2) ANYONE WHO WRITES A REVIEW SHOULD HAVE READ THE BOOK THEY DISCUSS: Reviewer Alicia could not have even looked through this book, forget reading it. If she had only thumbed through the book, she would have seen the photographs of Mayada and of her family inside the book. Since Mayada came to the United States and toured with me on the book, and appeared on a number of national television and radio shows, there's no doubt in anyone's mind that Mayada exists. Add to that, Mayada's family is well known and highly respected throughout the entire world. Winston Churchill even wrote the obit for Mayada's grandfather, Jafar Al-Askari. Where on earth does the reviewer get the idea that Mayada Al-Askari does not exist? Such a statement should not be made by anyone.
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Format: Hardcover Verified Purchase
I purchased this book as soon as it was published because I have read the Princess books by Jean Sasson and already knew that she was an editorial genius. This book is about the title-character, Mayada. Mayada came from a prominent Iraqi family and she owned and managed a printing shop. Tragically under the harsh rule of Saddam Hussein she was accused of breaking the law and thrown in jail. Mayada's basic human rights were violated while she was in jail. She met several women in her jail cell, the "shadow women" as they are called. The shadow women are all so brave and harrowing. Each shadow woman has her own story of despair; one worse than the next. The fate of the shadow women is unknown, but if you read this book you will find out what happens to Mayada. "Mayada" is among Ms. Sasson's best work. It is thought-provoking, intense and written in great detail. It is my sincere hope that Ms. Sasson will write a follow-up story this.
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Format: Hardcover
My name is Mayada Al-Askari , and I am the subject of the book Ms. Jean Sasson wrote : (Mayada Daughter of Iraq) . I read Ms . Noor Al-Timimi's review of the book , and was surprised about two points in her reasons for not giving the book 5 stars , where she assumes that :

1- The existence of : "Conflict in some details like it was mentioned at the beginning of the story that she was caught before her daughter's birthday, then at the end of the book she repeated that she got caught right after her daughter's birthday."

There is no conflict about the dates of my daughter Fay's birthday , or the date of my arrest, Fay was born on the 17th of July 1983 , we celebrated her birthday on the 17th of July 1999 in the Alwiya Club , it was a Saturday , and I was arrested two days after , on the 19th of July 1999 , a date I will never forget for the rest of my life , then , in the letter to ( Samara) , there was a mention that I went to the club with both my children , Fay and Ali to use the pay phone there , and that I baked a cake to get all the personnel there to gather around Fay and Ali , for me to be able to make the phone calls without the switchboard person listening to my conversations , it was not Fay's birthday then , but she took the cake as a gift , as she did not offer them her cake on her birthday that she celebrated on the 17th of July in the club . I wish Ms . Noor had read that part in a more thorough manner before passing on that judgment .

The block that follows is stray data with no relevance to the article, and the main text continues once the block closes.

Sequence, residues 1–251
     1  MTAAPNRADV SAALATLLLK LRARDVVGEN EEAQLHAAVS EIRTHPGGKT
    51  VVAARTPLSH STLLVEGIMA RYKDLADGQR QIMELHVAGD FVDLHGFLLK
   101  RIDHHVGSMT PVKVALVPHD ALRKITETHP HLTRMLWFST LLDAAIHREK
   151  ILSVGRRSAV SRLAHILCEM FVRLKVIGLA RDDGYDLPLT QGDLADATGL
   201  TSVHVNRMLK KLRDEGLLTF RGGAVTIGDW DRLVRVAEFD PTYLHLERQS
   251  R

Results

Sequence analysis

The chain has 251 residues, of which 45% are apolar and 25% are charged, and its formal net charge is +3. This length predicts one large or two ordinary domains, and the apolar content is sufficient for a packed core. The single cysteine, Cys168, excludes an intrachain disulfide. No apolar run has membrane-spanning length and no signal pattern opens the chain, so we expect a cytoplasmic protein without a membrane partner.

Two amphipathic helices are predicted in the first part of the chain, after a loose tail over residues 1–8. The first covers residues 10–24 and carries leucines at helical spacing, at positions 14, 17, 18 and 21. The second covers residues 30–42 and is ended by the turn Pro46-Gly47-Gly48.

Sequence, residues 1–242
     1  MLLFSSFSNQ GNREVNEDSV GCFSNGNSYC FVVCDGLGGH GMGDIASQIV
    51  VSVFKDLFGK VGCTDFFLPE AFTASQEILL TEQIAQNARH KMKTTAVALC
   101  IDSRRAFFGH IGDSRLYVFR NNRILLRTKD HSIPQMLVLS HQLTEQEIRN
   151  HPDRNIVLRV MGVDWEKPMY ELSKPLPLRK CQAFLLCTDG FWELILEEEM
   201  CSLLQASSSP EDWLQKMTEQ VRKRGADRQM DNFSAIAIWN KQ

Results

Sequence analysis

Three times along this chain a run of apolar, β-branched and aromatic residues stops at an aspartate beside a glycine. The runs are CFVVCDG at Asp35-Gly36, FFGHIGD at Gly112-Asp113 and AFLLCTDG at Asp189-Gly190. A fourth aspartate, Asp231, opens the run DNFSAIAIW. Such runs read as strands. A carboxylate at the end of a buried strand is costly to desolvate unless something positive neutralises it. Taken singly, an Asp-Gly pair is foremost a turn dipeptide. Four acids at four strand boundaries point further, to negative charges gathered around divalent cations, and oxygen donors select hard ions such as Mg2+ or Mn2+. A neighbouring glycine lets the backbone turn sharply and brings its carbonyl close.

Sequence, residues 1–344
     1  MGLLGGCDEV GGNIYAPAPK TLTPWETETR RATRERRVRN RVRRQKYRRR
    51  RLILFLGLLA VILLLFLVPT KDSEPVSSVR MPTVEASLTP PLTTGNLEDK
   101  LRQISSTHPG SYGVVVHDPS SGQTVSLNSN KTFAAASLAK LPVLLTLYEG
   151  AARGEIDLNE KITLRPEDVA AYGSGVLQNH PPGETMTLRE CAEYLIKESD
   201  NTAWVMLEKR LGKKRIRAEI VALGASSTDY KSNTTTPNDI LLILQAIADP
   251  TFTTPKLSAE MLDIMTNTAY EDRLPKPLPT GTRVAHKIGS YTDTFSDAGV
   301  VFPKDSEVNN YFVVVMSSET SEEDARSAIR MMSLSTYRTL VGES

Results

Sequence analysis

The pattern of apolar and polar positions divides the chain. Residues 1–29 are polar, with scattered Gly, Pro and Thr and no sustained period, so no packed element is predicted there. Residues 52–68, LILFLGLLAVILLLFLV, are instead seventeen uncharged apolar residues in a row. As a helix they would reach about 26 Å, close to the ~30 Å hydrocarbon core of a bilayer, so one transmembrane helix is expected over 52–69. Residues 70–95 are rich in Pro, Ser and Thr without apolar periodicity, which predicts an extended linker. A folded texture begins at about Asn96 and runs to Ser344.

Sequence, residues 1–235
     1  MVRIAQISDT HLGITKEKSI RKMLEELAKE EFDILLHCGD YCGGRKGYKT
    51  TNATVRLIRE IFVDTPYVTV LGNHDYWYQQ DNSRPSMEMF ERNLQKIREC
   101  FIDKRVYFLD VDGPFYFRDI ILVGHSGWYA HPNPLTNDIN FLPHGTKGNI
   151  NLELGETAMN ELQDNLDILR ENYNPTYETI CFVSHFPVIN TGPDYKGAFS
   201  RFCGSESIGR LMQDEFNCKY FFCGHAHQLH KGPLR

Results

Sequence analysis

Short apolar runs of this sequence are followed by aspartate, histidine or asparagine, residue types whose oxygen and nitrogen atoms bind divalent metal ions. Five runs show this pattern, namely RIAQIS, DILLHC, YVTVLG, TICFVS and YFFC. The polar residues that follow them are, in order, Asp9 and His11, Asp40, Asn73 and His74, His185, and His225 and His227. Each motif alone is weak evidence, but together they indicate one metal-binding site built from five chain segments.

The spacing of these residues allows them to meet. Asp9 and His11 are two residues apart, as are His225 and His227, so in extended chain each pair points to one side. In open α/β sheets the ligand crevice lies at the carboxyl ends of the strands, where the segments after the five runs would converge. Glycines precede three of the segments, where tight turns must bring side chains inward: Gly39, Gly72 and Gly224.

2- Ms . Noor Al-Timimi says : " Despite that it is purely my assumption, but the author did not convince me that she met Mayada "by coincidence".
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Format: Hardcover
Like everyone else who keeps up with news reports on what's happening in Iraq, I was bamboozled by the search for weapons of mass destruction, disappointed by the lack of results and second-guessing the choice we Americans made to interfere in the sovereign rights of a member of the United Nations.
Then I was lucky enough as a journalist to meet Mayada...after I read Jean Sasson's book about her life.
Sasson depicts Mayada in the book as a true gentlewoman who traces her lineage back to remarkable gentlemen and women of the educated elite in the part of the world where civilization first emerged. In person, she proved to be that bright and gentle woman.
Mayada, through the book and in person, is an excellent spokesman for the injustices of the just-ousted regime in Iraq, for the justice represented by our unilateral action in Iraq and for the promise of a democratic stronghold in the Middle East.
After reading the book, even as a seasoned journalist, I have a different frame of reference when I hear, see or read the sensational reports intimating that our U.S. actions were or are based on eroneous grounds.
Mayada - a jounalist herself - calls it "a good thing." Knowing her story now, I agree. Read the book and you'll watch history unfold from the viewpoint of someone who has been there.